Client: “I like knowing what, how much and when I can eat. When it is written out for me, I can follow it.”

Coach: “How many diet plans have you been on?”

Client: “I’ve been on a lot of different ones—a detox/cleanse, I’ve tried going vegetarian, various juice cleanses. I’ve even committed to cutting out sugar and snack food, like popcorn, crackers, cereal, etc.”

Coach: “What happened when you were on those diets?”

Client: “I did great at first, but then I would just start eating the foods I said I wasn’t going to eat. It’s so frustrating!”

Coach: “Why do you think you start to eat those foods again?”

Client: “I don’t know. I think it’s because I miss eating them. I start to focus on what I can’t eat and that’s it. I get to the point where I can't wait to eat those foods again. It's like an obsession.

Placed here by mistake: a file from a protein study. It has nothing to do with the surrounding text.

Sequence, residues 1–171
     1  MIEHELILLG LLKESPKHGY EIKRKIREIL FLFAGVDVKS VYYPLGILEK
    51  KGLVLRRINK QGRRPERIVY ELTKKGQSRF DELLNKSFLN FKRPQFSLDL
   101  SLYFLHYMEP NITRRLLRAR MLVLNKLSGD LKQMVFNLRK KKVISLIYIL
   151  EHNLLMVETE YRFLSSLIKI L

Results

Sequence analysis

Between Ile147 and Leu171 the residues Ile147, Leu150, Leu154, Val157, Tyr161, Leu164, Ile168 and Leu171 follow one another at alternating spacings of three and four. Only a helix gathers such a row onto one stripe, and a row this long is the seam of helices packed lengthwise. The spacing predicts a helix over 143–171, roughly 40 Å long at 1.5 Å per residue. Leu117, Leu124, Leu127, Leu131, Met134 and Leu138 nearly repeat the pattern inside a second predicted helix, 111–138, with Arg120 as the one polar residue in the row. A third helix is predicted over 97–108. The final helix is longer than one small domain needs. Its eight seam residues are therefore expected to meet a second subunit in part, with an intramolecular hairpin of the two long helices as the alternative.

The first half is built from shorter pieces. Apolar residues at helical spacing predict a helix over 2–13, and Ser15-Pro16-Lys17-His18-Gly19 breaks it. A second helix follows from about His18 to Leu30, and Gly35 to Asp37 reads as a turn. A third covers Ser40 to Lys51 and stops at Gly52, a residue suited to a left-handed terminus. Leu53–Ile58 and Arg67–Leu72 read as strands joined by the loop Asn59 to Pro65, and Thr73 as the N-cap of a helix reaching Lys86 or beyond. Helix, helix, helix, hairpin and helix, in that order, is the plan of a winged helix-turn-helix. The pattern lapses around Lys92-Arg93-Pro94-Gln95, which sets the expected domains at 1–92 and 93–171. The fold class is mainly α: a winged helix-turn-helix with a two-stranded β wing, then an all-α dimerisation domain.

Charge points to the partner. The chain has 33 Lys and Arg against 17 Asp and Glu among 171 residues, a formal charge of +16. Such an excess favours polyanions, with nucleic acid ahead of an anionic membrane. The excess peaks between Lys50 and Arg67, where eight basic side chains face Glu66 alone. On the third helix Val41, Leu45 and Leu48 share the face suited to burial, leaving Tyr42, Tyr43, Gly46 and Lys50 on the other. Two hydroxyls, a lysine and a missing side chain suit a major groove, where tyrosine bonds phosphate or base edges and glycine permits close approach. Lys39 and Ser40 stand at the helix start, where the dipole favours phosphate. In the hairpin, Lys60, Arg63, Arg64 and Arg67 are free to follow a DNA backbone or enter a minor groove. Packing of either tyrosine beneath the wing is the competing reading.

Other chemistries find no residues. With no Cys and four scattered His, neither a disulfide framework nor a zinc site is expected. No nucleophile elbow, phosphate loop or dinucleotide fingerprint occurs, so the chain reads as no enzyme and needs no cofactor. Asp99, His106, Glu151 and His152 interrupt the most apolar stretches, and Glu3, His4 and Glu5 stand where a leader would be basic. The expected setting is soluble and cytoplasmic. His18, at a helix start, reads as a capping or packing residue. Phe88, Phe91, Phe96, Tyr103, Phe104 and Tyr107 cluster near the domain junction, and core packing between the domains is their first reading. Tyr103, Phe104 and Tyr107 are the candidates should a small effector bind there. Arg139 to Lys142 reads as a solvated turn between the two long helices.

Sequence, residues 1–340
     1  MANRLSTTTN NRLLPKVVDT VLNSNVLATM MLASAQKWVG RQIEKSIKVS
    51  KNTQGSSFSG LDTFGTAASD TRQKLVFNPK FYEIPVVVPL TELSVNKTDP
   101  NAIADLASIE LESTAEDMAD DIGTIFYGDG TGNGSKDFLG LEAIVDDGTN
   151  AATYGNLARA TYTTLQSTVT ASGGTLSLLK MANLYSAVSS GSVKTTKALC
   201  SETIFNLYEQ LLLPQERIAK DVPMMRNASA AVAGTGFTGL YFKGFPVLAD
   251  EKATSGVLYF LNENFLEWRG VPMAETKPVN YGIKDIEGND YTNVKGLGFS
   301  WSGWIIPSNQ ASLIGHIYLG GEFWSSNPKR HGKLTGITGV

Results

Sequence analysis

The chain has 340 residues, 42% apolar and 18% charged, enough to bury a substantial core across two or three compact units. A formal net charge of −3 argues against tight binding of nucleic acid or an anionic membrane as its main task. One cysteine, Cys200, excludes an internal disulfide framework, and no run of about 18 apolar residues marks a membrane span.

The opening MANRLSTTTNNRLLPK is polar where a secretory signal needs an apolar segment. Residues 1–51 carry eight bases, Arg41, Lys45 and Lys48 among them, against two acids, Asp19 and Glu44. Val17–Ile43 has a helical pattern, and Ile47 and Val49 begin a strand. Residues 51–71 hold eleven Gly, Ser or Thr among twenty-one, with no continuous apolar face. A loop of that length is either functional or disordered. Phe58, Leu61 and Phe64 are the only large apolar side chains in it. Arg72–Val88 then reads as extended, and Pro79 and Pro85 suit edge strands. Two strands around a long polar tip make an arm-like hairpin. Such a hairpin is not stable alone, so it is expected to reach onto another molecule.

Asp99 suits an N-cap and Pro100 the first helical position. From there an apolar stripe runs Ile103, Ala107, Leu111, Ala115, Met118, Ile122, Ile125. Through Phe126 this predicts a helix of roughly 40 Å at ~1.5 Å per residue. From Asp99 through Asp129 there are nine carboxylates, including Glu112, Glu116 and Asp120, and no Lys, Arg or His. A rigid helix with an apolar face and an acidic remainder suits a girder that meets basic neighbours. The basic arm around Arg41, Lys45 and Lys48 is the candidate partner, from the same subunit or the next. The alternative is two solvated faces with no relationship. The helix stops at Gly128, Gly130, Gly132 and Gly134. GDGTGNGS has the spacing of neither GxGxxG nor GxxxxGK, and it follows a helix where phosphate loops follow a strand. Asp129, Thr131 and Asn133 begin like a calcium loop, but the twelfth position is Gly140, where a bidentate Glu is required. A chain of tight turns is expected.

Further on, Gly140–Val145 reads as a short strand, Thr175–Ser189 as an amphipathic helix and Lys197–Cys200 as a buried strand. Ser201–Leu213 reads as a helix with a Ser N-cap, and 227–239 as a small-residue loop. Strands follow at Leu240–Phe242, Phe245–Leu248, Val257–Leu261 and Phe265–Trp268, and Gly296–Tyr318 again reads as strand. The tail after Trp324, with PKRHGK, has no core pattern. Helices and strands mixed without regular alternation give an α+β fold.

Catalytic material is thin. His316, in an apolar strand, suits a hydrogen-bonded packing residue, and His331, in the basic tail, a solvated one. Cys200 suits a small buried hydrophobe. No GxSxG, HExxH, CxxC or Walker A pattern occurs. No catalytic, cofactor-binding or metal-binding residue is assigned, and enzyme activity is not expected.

Coach: “O.K. What foods do you like to eat?”

Client: “I like a lot of foods, even healthy ones such as salads, vegetables, smoothies, fruit, nuts and seeds, quinoa, a little chicken, turkey, salmon and sprouted bread. But I also really like snack-type foods such as popcorn, chips, bread and sweets.”

Coach: “Sounds like you have a long list of foods that are not only healthy choices, but ones you do like to eat.”

Client: “Yes, I really do like eating healthy food. I feel so much better when I eat them. It’s really not just about the weight that I lose. I just feel great when I eat well. I also seem to be more motivated to exercise.”

Coach: “Wow, sounds like you’ve already begun thinking about your own meal plan. How could you move forward with this information you told me today? What would be a next step?”  

Client: “Well, I would be willing to make a list of all the healthy foods that I enjoy eating and I can at least start eating more of those foods. But I know that before long I will start picking and eating foods that are not on my list. I need help!”

Coach: “What would help you stay on track?”

Client: “I’ve kept a food log in the past that did work for a little bit and I guess I can do it again. If I know you will look at it the next time we meet, I know that will help me out. I’m sure I’ll be more careful about what I eat if I know you will be reviewing it.”